Before social media became so prevalent, instances of bullying were somewhat easy to recognize.
However, with a good majority of children now engaged in digital networking and social media, bullying may not end with the ringing of the school bell, and evidence of bullying may not be so readily apparent.
According to cyberbullying statistics from the i-SAFE foundation, more than half of adolescents and teens have been bullied online, and about the same number have engaged in cyberbullying.
More than 80 per cent of teens use a mobile phone regularly, making it the most popular form of technology and a common medium for repeated cyberbullying.
Cyberbullying takes place through electronic technology and differs from traditional forms of bullying.
Cyberbullying can occur via text messaging, blogging, updates to social media sites and/or phone conversations. What makes cyberbullying more difficult to detect and remedy than traditional bullying is that sometimes this type of bullying is veiled in secrecy.
Those who engage in cyberbullying can create aliases and accounts under false names, allowing them to covertly engage in bullying behavior. As a result, tracking down bullies can be challenging.
Although cyberbullying is on the rise, there are some things that parents and children can do to help put a stop to such unfortunate instances.
• Parents who feel their child is not emotionally ready for the responsibility of a digital device can hold back on purchasing a smartphone or choose one with very limited features. Some schools set strict limits on phone usage at school, and children who go only from school to home and vice versa may not have the need for an “emergency phone” that can open up a window for trouble.
• Adolescents and teens should feel comfortable talking with their parents without the fear of reprimand.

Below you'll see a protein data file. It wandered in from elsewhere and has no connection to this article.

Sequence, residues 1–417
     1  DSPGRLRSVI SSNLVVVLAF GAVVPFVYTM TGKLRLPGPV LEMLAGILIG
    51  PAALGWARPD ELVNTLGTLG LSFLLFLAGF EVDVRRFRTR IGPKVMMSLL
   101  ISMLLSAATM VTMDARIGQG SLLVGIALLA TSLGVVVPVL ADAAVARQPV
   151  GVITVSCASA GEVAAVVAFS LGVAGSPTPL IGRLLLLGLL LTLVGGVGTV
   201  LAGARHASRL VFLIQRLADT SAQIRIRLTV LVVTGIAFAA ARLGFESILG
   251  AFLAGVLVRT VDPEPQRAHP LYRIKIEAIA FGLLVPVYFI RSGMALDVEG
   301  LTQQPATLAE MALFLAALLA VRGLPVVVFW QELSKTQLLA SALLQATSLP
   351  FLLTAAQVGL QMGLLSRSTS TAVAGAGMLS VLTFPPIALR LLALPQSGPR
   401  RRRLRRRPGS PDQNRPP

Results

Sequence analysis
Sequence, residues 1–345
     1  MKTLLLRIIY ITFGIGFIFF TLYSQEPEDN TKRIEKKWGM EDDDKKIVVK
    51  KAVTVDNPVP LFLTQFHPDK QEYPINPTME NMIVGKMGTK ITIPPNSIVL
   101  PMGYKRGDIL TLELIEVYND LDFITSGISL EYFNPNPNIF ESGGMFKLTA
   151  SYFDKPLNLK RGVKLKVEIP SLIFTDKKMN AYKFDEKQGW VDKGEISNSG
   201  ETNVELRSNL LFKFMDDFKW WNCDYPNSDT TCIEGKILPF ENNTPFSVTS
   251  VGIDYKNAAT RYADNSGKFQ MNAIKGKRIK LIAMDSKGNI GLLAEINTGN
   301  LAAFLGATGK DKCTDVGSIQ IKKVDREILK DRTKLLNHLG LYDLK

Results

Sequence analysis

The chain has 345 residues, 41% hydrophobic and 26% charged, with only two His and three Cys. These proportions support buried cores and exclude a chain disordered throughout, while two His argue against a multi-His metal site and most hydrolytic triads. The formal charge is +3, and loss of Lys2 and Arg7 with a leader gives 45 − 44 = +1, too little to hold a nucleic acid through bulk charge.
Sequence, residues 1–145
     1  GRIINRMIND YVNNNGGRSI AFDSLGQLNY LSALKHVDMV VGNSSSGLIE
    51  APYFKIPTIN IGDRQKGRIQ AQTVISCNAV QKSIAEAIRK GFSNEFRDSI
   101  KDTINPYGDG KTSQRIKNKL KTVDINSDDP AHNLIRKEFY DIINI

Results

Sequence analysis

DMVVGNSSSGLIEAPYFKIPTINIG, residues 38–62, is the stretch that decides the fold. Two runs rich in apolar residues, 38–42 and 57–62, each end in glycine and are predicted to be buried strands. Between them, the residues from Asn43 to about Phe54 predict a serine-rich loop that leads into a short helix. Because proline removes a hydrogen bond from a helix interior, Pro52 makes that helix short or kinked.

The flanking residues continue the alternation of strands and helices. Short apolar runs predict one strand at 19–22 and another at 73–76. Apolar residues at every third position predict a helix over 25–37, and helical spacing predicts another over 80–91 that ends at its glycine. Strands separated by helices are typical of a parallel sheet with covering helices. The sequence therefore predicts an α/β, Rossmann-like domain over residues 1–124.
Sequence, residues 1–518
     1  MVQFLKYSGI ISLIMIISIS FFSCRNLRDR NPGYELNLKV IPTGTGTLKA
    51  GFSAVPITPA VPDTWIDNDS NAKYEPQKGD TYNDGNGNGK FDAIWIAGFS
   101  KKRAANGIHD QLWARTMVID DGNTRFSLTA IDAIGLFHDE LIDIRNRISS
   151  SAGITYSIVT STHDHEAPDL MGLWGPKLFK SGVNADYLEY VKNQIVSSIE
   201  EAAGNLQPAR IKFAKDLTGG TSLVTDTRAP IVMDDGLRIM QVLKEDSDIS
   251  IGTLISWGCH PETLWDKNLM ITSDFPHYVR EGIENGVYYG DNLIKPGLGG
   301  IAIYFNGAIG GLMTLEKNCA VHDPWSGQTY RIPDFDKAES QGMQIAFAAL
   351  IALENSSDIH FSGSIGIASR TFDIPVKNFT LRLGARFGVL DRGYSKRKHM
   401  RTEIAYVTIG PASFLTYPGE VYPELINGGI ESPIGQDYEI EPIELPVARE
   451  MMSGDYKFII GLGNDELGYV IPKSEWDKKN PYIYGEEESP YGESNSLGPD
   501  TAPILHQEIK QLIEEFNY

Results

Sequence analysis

Otherwise, they may hide instances of cyberbullying or not know how to broach sensitive topics like bullying. Parents can engage in conversation with their children often and stress that the doors of communication are always open.
• Teens should be made aware that cyberbullying is a very real occurrence and is not just other kids “having fun” or “joking.” If behaviour is repetitive and hurtful, it should be made public and addressed.
• Parents can monitor and limit their children’s personal accounts. Some smartphone and tablet applications can be mirrored on the main account, enabling parents to see incoming text or video messages.
• A laptop or desktop computer should be placed in a shared space so that usage can be monitored. Parents can restrict tablet or smartphone usage to public areas.
• When online, children should be advised not to share personal information. Social media sites may be used by bullies to gather sensitive information about a person that can be used against them at a later time. Children should be urged to keep passwords secret and to never give information such as birthdays, phone numbers and addresses to people who aren’t close friends. Friend lists should be restricted to only those people students interact with frequently to minimize the chance for bullying or other inappropriate behavior.
• Teens who have been bullied can keep evidence of the bullying and may benefit from talking with a counselor.
Cyberbullying is a growing concern for educators and parents and has far-reaching implications. Getting smart about this phenomenon can help staunch new cases of online bullying.